Rabbi Beckerman’s essay is not only true of blogs, but of online Jewish news services as well that allow readers to post comments. The comments at times are classics of loshon hora, rechilus – you name it. They have become gossip groups where commentors freely insulty each other, gedolim and anything else they see fit. Allowing comments in such a way is lifnei iver and I for one have banned myself from viewing such websites.

    So although, some healthy dissent may be worthwhile, unfiltered, anonymous forums, where inappropriate speech is commonplace, is not valuable. Thankfully, this blog is exemplary in its comment policy.

  7. lacosta says:

    like it or not, the charedi street [the only one relevant—since when you talk about charedi gdolim, it is their minions who must follow; obviously other factions in Orthodoxy must follow the norms of their own communities] has spoken , or maybe been spoken for.

    the current tech world, with 24 hr news cycles, and instant blogging, must accelerate the reaction time to breaking norms in our society. whereas in the past the Gdolim had a great luxury of time [ie they could in effect ,when in doubt ,shvu v’al taasu , and see what happens in other segments of O society, it’s harder to do that now. then– a kosher scandal, haimishe abuse scandals, haredi indictments, etc were in the news only to selected individuals–the gdolim, the shtadlonim, the machers. but today, within minutes, the whole world– especially the non-haredi world , gets to know too; so inaction leads to greater hillul hashem.

    one suspects that,absent bloggers, there would be many more klai kodesh who either did or are abusing kids, who would still be putting people at risk. now, they are flushed out. curiously, with few false allegations.

    and even bans aren’t helping at this point. this seems to be the Satan’s work beachrit hayamim. the response must be , by both followers and leaders, lihiyot nkiim be’einei elokim veadam…..

  8. Neil Harris says:

    R Beckerman,
    I think that the current trend of lack of Kavod to “the very concept of Torah leadership” is typical of a generation (sadly my generation, those born b/t 1963-1983 who grew up in a society that promoted questioning authority. In American society where everyone is entitled to an opinion, some feel this is a heter to attack Gedolim from the safetly of their keyboards. Hopefully my children’s generation will see the error of this.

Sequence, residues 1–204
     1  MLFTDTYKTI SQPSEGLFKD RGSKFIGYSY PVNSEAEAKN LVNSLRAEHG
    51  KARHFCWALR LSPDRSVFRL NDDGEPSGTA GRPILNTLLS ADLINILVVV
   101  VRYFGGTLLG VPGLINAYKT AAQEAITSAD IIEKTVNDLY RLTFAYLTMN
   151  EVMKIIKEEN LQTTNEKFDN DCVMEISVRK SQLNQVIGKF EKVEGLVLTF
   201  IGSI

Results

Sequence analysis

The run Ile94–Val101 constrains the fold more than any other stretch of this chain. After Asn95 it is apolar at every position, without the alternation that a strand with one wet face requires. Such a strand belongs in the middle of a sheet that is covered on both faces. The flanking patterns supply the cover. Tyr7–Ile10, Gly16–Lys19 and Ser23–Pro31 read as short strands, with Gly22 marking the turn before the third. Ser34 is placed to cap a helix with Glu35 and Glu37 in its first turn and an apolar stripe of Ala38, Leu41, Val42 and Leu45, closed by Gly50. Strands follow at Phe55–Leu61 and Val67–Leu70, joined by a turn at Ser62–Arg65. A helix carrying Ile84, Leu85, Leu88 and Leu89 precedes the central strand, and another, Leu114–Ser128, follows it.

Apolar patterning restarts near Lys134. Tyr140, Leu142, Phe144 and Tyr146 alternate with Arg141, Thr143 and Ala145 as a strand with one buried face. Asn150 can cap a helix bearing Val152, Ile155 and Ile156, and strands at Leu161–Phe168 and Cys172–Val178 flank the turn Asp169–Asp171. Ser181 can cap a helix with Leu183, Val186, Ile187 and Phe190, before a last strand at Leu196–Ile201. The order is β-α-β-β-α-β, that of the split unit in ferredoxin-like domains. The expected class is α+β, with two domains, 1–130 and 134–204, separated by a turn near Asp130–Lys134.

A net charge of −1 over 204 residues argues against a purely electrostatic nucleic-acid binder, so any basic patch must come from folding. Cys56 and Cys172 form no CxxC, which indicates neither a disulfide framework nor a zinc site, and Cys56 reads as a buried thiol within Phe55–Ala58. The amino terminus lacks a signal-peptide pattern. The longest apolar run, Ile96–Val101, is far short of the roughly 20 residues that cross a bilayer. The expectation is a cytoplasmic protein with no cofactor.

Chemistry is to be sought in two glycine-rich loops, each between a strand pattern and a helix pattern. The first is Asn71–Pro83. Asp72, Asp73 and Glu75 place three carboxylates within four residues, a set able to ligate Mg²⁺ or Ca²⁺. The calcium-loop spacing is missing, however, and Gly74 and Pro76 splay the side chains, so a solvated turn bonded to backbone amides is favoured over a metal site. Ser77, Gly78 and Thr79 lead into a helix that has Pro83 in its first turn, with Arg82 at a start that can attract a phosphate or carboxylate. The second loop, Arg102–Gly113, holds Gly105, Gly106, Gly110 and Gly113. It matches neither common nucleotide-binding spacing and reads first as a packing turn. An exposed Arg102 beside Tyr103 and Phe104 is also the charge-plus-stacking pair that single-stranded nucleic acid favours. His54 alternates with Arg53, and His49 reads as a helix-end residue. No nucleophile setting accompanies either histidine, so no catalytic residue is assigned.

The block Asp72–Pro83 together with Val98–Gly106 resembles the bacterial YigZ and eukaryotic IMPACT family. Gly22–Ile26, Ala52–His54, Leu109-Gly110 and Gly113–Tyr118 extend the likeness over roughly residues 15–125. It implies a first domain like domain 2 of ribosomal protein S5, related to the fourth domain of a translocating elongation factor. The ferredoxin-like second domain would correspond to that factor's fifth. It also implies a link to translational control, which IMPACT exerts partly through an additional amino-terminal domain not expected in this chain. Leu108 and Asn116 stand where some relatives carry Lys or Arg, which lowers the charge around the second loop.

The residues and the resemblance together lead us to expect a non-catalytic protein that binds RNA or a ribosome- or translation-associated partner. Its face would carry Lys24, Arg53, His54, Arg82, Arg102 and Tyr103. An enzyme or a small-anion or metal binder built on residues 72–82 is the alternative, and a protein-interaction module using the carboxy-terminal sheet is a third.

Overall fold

9. Doron Beckerman says:


    Hesitant as I am to get into another debate with you, since, as very evident from the A.Y. Karelitz thread, we apparently barely speak the same language, and have different scales on how to evaluate facts and ideas, I’ll give it a shot.

    There is a difference between an opposition criticizing and an opposition undermining. Politicians understand this well – only where that line is drawn is different in a situation where the opposition hopes to get elected and ‘trow out dem bums’. That is the crux of the essay.

    If you are saying that Torah leadership has no inherent value in the MO or Rav Kook worlds, and it is just the same if public policy is set and determined by Rav Soloveitchik or by the guy who never shows up for davening, if that’s what the community thinks is right, I can only hope that isn’t the case.

    Chaim Fisher,

    Ideas have alot of power. Sometimes due to their truthfulness, sometimes due to their attractiveness. Sometimes the two overlap, and sometimes they don’t.


    That’s exactly why I chose those examples. The proposed model here is channelling of public policy ideas through the Torah leadership in terms of actually calling for their implementation. The blogs are useful to facilitate raising ideas, intelligent discussion of their merits, and for respectful questioning and critique. There’s a wide abyss between that and verbal lynching.


    I’m not denying bloggers can have a constructive role to play.


    I always love hearing from you. 🙂

  10. Akiva says:

    When imbalances existed in Jewish society of the past, movements of tens or hundreds of years arose to gradually rebalance society after generations of suffering. The chassidic movement, women’s education, organized yeshiva education – Jewish societal problems solved in lifetimes or multiple lifetimes.

    Now perhaps in an age of communication, where information travels between disparate communities in minutes, the klal is no longer so content to sit and suffer while waiting for a gilgul before improvement. Similarly, the rabbaim of France can’t ban the Rambam while the rabbaim of Egypt have him leading their community – as people talk every day between the communities and move between them every few months.

    The wisdom and need of our gedolim remains. However, manipulators using their words for their own purposes, and criminals hiding under the cover of piousness are not so deserving.

  11. Bob Miller says: